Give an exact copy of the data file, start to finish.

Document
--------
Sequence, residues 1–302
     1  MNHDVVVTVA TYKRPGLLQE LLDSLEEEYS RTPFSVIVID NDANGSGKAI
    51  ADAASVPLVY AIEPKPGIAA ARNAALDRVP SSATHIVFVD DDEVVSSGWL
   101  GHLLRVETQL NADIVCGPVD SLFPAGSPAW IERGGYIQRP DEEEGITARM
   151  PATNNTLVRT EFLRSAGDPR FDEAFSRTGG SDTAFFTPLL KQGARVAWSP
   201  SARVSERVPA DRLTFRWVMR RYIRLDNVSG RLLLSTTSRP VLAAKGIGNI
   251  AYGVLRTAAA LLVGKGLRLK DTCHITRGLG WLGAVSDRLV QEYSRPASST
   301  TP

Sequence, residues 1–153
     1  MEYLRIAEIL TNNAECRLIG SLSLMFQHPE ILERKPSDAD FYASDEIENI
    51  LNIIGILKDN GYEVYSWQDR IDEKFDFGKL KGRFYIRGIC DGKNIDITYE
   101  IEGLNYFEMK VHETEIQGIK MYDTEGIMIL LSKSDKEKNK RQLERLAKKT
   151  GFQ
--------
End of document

Sequence, residues 1–302
     1  MNHDVVVTVA TYKRPGLLQE LLDSLEEEYS RTPFSVIVID NDANGSGKAI
    51  ADAASVPLVY AIEPKPGIAA ARNAALDRVP SSATHIVFVD DDEVVSSGWL
   101  GHLLRVETQL NADIVCGPVD SLFPAGSPAW IERGGYIQRP DEEEGITARM
   151  PATNNTLVRT EFLRSAGDPR FDEAFSRTGG SDTAFFTPLL KQGARVAWSP
   201  SARVSERVPA DRLTFRWVMR RYIRLDNVSG RLLLSTTSRP VLAAKGIGNI
   251  AYGVLRTAAA LLVGKGLRLK DTCHITRGLG WLGAVSDRLV QEYSRPASST
   301  TP

Sequence, residues 1–153
     1  MEYLRIAEIL TNNAECRLIG SLSLMFQHPE ILERKPSDAD FYASDEIENI
    51  LNIIGILKDN GYEVYSWQDR IDEKFDFGKL KGRFYIRGIC DGKNIDITYE
   101  IEGLNYFEMK VHETEIQGIK MYDTEGIMIL LSKSDKEKNK RQLERLAKKT
   151  GFQ